education and service and skill development is key for long-term change. thank you. [applause] >> ok, i know it is getting hot in here. hang on. we only have 13 more speakers. just kidding. i would like to bring up one of our newest community partners. >> good morning, everyone. when we moved into this community, we wanted to have a space that will be designated for reaching our community and kids and how symbolic and fitting it is for us to be gathered here as we applaud our mayor and his administration for his engaging mannerism over the past several months, as myself and several members of our faith community have been the recipients of his encouragement, his open door, his open heart,
and his open hands to listen to our voices as we have expressed the concerns of our community in and around safety and violence in the neighborhoods. our mayor has heard the voices of the community and of concerned citizens, and today, we stand in partnership with him and commitment to our mayor and to this great city that we will stand together for the futures of our youth are all the things that make for a positive and great city known as san francisco. we are here today to ensure that all the partners who stand to get our unified as one and in the spirit of the rev. jesse jackson, we want to make sure that san francisco for our youth and communities, we continue to keep hope alive. thank you. [applause]
>> part of keeping hope alive is we have to provide an economic engine to get our young people back to work so they are able to take care of themselves and oftentimes their families. with that, i would like to introduce to you mr. eric mcdonald, the executive director of the united way. thank you. [applause] >> good morning again. welcome, everyone. we are excited and thrilled to be partners here with the mayor. what is clear is that while the unfortunate rise and peak of gun violence brings us to the room, it also gives us what we believe is an enormous opportunity. these spikes, ago, and what we have now is an opportunity to cast a vision. we know that without a vision, people perish. we can cast a vision and develop an action plan that is based upon mutual respect, mutual trust, and mutual accountability. the mayor and all of our city
partners can create that plan were we will engage all sectors. we will engage residents. we will engage the private sector, creating work force and job development opportunities. we will engage our faith-based community who are already providing tremendous leadership, and we will make sure there is a coordinated, comprehensive plan that is sustained. there's a process that brings us to the end, and the city goes out. that is nobody's intention, and yet, it is the life cycle of the epidemic that confronts our community. today, we are saying we will commit ourselves to a sustained effort to insure we create a new vision, a new opportunity for our communities to thrive so that in the end, there is opportunity for our young people. opportunity for our adults, an opportunity for our communities to thrive. i would say that the opportunity we have requires that everyone who claims to love san francisco plays an active role in helping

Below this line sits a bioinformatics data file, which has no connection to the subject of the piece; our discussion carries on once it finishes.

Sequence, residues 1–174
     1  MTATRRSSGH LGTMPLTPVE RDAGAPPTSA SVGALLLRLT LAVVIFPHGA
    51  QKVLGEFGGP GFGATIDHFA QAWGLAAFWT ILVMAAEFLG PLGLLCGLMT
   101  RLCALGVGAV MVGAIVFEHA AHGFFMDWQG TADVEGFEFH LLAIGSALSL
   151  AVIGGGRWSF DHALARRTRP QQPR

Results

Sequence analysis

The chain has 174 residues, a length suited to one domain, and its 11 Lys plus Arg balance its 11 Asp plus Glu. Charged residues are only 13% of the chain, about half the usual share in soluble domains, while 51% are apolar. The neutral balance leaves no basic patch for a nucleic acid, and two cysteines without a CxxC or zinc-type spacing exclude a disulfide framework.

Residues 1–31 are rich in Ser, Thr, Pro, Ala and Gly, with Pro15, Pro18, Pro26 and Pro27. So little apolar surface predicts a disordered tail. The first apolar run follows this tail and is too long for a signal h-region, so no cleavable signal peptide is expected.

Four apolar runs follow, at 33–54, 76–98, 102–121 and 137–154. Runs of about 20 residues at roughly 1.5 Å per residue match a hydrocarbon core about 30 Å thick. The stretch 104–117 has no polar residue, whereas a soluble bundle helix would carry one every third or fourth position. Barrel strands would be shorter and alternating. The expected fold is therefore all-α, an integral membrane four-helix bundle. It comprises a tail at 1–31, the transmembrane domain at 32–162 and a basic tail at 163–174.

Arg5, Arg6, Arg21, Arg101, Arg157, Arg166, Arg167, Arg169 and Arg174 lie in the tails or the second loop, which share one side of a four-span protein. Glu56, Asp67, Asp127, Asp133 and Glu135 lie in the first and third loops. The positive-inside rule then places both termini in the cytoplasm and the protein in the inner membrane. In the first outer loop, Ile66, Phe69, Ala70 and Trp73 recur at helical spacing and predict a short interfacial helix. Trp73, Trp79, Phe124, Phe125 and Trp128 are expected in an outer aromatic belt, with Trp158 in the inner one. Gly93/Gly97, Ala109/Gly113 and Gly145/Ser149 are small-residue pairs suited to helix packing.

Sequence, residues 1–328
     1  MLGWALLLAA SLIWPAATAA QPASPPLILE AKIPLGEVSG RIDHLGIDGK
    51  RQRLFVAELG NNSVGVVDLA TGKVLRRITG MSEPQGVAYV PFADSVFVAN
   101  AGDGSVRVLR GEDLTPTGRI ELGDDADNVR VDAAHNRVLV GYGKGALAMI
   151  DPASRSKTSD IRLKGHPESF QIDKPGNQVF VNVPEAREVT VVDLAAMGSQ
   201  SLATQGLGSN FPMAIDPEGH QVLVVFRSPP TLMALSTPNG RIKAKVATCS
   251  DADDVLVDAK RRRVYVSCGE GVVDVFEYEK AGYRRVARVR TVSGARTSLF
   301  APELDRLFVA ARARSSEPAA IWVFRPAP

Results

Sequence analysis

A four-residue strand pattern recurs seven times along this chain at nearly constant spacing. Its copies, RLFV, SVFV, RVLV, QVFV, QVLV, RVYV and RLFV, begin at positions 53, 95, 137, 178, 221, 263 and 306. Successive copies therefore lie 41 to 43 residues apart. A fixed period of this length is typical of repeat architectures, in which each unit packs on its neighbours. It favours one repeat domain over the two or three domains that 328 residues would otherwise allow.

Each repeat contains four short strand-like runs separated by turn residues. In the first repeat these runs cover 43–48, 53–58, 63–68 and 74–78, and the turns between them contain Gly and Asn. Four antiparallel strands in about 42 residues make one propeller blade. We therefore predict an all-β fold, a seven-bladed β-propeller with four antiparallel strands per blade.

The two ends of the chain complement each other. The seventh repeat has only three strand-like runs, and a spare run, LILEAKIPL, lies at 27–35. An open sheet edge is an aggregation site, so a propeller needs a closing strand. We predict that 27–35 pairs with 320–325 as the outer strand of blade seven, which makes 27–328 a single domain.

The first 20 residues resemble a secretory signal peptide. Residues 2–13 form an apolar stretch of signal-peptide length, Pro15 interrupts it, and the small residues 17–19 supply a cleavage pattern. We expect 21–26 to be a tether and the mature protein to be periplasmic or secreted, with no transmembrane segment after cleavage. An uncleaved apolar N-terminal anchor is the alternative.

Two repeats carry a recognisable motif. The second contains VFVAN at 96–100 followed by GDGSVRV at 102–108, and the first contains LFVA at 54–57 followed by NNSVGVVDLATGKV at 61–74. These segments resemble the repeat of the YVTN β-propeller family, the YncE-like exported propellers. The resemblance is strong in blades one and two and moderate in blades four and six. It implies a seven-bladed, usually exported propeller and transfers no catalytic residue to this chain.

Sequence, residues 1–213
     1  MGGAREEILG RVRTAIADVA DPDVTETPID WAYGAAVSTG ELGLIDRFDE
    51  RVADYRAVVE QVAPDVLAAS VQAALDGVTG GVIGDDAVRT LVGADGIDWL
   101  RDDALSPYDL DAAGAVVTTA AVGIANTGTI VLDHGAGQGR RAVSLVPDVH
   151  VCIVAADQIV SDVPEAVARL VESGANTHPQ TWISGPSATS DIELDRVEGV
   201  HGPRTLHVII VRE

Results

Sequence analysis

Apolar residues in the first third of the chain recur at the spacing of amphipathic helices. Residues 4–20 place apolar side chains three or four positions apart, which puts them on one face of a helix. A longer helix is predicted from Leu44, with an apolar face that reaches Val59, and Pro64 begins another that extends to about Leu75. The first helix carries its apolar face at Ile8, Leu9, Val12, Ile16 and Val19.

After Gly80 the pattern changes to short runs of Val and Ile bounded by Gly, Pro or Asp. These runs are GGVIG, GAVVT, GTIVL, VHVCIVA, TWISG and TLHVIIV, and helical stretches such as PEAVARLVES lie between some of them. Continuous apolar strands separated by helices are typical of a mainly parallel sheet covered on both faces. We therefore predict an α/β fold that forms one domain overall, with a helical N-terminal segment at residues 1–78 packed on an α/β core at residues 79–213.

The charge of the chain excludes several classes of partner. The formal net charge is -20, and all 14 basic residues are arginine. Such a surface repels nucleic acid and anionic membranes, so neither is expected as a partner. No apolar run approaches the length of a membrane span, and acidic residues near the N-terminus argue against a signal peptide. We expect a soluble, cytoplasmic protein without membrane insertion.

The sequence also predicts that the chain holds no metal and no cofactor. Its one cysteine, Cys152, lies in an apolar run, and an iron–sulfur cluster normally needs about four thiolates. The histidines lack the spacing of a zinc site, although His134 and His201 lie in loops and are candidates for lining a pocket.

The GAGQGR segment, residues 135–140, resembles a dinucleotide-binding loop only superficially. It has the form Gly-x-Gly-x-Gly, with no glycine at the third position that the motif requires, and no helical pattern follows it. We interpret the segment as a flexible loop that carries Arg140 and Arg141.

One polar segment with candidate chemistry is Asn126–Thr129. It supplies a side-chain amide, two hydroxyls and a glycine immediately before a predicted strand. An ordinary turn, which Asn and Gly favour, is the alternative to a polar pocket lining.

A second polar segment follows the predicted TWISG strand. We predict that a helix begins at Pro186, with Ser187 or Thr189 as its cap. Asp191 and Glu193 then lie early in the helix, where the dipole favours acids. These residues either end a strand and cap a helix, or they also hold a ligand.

this plan sustain itself. it is not the city only. it is not the clergy only. it is not the non-profits only. not the private sector only. it is residents. it is everyone playing a role. i would challenge everyone -- what are you doing today to be part of the intervention, the interruption, and the opportunity for young people in particular to realize their potential? i believe today we can do it, and i am honor to stand with the mayor, the board of supervisors, and all of our city partners to make it happen. thank you so much. [applause] >> the next man i will bring up probably needs. -- very little introduction, but he is one of our community partners who has been helping us coordinate this conversation so it is not solely happening in isolated communities, so that we are talking to one another, and is a fantastic representative and my brother in the samoan community.